In June 2020, the (Trump Administration) Department of Labor issued an Information Letter with respect to the inclusion of private equity investments as a “component” of a fund (e.g., a target date fund) included in a fund menu in a participant directed defined contribution plan. On December 21, 2021, the (Biden Administration) DOL issued a “Supplemental Statement” with respect to the 2020 Information Letter, qualifying and limiting the application of the (2020) Information Letter in some respects.
In this note, we review the basic points of the (2020) Information Letter and the additional points made by the (2021) Supplemental Statement.
2020 Information Letter
Framework: The Information Letter considered PE investments in a specific framework, as a limited part (e.g., a specified percentage) of “a multi-asset class vehicle structured as a custom target date, target risk, or balanced fund.” Thus, the appropriateness of a separate PE-only fund in which participants could invest was not considered.
DC PE investments are not per se prohibited under ERISA: DOL stated that “a plan fiduciary would not … violate [ERISA fiduciary rules] solely because the fiduciary offers a professionally managed asset allocation fund with a private equity component as a designated investment alternative for an ERISA covered individual account plan in the manner described in [the] letter.”
PE investments, however, do present significant issues in participant directed DC plans: DOL nevertheless emphasized that “there are important differences between a fiduciary’s decision to include private equity investments in the portfolio of a professionally managed defined benefit plan, and the decision to include an asset allocation fund with a private equity component as part of the investment lineup for a participant-directed individual account plan.” Specifically, private equity investments “involve more complex organizational structures and investment strategies, longer time horizons, and more complex, and typically, higher fees.” They generally have “different regulatory disclosure requirements, oversight, and controls” and “often have no easily observed market value.”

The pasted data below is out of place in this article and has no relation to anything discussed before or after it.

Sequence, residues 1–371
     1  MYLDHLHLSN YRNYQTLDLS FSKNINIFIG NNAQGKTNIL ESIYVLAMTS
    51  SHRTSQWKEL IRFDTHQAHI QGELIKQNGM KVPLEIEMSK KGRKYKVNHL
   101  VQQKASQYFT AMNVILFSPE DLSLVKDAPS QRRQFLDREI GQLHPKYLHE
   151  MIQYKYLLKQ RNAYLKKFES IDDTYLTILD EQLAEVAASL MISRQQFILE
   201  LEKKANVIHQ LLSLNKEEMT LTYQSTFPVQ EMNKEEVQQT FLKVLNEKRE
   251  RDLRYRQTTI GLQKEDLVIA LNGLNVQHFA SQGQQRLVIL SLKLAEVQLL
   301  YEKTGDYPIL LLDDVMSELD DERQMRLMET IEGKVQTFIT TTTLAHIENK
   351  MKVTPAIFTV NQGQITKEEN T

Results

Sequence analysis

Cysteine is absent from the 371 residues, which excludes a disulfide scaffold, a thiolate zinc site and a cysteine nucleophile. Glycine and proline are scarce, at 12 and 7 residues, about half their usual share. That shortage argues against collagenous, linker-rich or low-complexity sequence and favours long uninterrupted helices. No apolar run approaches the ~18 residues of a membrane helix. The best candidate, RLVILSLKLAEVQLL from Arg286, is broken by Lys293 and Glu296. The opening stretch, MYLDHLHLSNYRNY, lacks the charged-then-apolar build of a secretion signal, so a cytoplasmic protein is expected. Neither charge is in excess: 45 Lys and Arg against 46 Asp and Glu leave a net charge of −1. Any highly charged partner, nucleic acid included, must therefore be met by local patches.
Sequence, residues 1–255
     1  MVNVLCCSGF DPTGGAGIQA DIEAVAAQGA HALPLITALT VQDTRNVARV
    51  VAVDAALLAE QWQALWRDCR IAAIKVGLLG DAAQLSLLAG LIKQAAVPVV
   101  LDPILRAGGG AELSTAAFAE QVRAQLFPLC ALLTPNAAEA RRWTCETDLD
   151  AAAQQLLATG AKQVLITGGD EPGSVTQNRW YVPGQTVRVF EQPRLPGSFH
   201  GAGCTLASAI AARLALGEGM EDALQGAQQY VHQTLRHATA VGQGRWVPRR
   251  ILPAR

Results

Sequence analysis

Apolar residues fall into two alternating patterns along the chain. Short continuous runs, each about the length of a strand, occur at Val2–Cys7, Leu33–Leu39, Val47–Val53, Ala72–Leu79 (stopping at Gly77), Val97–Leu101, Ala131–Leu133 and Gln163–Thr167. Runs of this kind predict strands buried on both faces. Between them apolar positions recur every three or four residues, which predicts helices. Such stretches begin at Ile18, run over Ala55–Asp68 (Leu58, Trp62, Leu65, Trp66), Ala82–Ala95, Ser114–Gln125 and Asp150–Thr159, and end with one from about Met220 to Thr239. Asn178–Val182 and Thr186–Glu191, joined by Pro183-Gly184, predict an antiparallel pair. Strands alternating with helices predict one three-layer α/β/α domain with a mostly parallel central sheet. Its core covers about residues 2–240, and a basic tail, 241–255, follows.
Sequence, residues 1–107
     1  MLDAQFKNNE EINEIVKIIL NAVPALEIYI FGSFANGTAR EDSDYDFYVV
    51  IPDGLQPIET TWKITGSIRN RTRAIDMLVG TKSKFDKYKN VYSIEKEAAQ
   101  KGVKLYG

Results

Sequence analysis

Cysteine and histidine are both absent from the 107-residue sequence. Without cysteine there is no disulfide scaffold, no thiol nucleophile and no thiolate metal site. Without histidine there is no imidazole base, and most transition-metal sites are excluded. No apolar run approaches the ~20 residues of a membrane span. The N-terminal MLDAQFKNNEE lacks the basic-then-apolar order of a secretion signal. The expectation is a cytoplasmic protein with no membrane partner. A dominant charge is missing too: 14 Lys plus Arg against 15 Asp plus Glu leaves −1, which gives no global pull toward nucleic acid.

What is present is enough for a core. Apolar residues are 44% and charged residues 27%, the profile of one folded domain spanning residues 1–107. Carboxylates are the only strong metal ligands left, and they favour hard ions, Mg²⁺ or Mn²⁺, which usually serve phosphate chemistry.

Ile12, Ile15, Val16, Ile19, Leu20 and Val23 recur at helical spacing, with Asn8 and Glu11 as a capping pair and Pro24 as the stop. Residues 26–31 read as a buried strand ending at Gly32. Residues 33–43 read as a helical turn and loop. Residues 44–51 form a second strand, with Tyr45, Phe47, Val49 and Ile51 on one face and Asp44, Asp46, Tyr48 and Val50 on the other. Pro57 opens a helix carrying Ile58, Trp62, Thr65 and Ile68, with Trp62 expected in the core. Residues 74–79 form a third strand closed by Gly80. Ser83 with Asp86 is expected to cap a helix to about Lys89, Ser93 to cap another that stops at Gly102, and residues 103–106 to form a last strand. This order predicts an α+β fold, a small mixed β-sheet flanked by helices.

When PE is included in a participant-directed DC plan, the fiduciary must consider specific factors: Fiduciaries of DC plans should generally consider whether, e.g., a target-date fund that includes PE:
Offers plan participants an opportunity to diversify investments “within an appropriate range of expected returns net of fees … and diversification of risks over a multi-year period.”
Is overseen/managed by fiduciaries or investment professionals with “the capabilities, experience, and stability” to manage this sort of investment.
Appropriately limits its private equity allocation given the issues raised by PE investment (discussed above).
“[A]lign[s] with the plan’s characteristics and needs of plan participants.”
The ERISA duty of prudence raises issues of expertise: Under ERISA, the fiduciary must determine whether it has the skill/competence to evaluate the investment or should seek help from an outside expert. It should periodically review the continued prudence of the investment. And it “must also determine whether plan participants will be furnished adequate information regarding the character and risks of the investment alternative to enable them to make an informed assessment regarding making or continuing an investment in the fund.”
2021 Supplemental Statement
DOL’s (2021) Supplemental Statement (1) emphasizes certain elements of the Information Letter and (2) includes additional cautions.
Emphasis on certain elements of the Information Letter: The (2021) Supplemental Statement emphasizes the following points included in the (2020) Information Letter: